During adolescence there is a shift in dependence from family to peers. Involvement with the peer group becomes of primary importance, particularly inclusion within a group that is perceived to have values and interests of importance.
Social inclusion can involve engagement with peers, as well wider group activities and community participation. Without the security provided by these groups, adolescents can develop negative thought patterns and a negative self-concept. This will impact their attachment to others and will make it difficult to establish friendships and relationships in adulthood. Involvement with social groups allows individuals to develop a secure sense of self and learn about positive social interaction.
Adolescents can experience challenges in the academic setting, including both learning and social difficulties. Adolescent students must meet several demands due to the fast pace of their learning environment. To complete academic tasks they are required to implement planning, time management and goal setting skills. This can be extremely difficult for adolescents who become over-stimulated and distracted by multiple extra-curricular and academic commitments.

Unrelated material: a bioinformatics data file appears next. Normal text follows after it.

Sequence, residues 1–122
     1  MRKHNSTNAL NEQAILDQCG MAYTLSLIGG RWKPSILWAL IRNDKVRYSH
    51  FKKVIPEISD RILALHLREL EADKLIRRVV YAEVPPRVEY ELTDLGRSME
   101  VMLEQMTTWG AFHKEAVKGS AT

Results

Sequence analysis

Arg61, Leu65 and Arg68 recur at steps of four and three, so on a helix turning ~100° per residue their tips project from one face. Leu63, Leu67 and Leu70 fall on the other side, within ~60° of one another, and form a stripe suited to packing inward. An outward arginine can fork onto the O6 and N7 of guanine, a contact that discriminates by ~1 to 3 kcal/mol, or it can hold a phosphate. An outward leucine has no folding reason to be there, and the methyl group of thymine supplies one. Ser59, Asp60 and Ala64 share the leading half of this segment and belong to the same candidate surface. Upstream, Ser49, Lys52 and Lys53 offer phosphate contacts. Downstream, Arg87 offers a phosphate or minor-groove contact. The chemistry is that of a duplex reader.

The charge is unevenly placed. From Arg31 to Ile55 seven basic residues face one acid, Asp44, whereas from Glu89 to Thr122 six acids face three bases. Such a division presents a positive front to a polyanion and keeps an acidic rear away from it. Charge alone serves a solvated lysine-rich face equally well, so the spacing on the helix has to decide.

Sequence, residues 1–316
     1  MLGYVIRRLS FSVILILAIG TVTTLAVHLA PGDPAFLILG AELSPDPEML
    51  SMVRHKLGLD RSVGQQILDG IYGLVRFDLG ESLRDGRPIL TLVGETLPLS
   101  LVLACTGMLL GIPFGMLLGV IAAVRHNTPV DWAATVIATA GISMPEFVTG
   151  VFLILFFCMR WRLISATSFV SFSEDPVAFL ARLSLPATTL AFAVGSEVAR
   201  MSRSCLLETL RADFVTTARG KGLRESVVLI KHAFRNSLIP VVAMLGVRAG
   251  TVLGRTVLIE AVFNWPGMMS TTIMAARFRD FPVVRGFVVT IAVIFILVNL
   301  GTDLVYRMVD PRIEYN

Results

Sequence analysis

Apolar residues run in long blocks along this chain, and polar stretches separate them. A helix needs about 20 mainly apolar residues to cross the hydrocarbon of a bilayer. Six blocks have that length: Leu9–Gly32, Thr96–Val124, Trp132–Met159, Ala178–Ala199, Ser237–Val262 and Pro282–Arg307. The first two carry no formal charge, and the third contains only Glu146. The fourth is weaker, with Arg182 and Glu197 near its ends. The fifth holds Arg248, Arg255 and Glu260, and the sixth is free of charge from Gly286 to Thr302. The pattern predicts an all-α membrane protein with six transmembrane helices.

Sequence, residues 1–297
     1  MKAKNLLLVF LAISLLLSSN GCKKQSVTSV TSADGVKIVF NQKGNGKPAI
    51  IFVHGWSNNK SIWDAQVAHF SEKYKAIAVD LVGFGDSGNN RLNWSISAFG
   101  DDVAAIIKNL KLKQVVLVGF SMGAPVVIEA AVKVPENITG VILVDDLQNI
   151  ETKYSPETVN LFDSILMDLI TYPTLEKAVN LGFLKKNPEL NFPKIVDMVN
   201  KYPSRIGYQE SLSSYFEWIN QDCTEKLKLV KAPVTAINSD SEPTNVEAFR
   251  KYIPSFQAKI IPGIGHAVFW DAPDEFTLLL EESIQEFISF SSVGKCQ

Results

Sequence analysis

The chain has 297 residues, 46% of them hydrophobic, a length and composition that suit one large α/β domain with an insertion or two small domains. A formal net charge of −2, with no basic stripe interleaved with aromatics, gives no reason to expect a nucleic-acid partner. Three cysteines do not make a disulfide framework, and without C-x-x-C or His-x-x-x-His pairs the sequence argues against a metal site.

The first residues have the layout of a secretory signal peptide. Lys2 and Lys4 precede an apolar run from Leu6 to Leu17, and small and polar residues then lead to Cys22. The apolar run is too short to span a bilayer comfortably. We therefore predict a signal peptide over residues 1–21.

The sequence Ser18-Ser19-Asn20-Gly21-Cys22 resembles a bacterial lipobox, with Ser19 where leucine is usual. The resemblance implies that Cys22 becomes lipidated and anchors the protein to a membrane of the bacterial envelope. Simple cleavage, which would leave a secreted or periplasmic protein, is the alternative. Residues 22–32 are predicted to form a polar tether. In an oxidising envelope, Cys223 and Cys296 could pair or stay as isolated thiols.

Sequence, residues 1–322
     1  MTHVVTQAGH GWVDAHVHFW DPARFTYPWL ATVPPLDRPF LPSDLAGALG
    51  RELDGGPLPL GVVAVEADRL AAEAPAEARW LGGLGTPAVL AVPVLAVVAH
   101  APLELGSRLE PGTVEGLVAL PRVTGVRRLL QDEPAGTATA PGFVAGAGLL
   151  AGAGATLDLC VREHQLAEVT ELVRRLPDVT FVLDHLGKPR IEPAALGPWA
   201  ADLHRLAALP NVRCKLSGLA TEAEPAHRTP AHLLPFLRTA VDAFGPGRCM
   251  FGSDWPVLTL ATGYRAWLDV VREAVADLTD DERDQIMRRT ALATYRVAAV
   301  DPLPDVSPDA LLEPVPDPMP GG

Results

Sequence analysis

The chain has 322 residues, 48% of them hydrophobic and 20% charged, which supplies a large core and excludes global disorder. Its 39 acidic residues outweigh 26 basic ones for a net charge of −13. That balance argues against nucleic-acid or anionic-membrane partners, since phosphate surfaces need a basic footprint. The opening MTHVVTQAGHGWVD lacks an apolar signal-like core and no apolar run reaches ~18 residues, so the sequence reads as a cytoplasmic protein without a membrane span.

Specific language and communication difficulties include reading, speech, spelling, learning and language disorders. An adolescent with any of these conditions may find it difficult to keep up with the classroom activities. They may present with disinterest, a lack of motivation or attention difficulties, and disruptive conduct. These behaviours are indicative that the student may find the content or style of learning challenging.
Altering the learning environment to tailor to language and communication difficulties can enhance an adolescent’s willingness to engage in academic tasks. Our experienced psychologists can provide recommendations for school and home environments, in order to enhance learning abilities.